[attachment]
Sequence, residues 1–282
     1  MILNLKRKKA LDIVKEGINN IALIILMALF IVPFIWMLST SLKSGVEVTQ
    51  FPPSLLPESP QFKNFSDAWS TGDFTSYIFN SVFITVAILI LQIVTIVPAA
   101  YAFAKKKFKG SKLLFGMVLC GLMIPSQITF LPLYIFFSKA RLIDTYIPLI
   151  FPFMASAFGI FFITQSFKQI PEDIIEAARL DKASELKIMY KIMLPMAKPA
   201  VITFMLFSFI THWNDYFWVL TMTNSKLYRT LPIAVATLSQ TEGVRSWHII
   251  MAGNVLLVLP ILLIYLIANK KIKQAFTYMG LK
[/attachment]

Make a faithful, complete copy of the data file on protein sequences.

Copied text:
Sequence, residues 1–282
     1  MILNLKRKKA LDIVKEGINN IALIILMALF IVPFIWMLST SLKSGVEVTQ
    51  FPPSLLPESP QFKNFSDAWS TGDFTSYIFN SVFITVAILI LQIVTIVPAA
   101  YAFAKKKFKG SKLLFGMVLC GLMIPSQITF LPLYIFFSKA RLIDTYIPLI
   151  FPFMASAFGI FFITQSFKQI PEDIIEAARL DKASELKIMY KIMLPMAKPA
   201  VITFMLFSFI THWNDYFWVL TMTNSKLYRT LPIAVATLSQ TEGVRSWHII
   251  MAGNVLLVLP ILLIYLIANK KIKQAFTYMG LK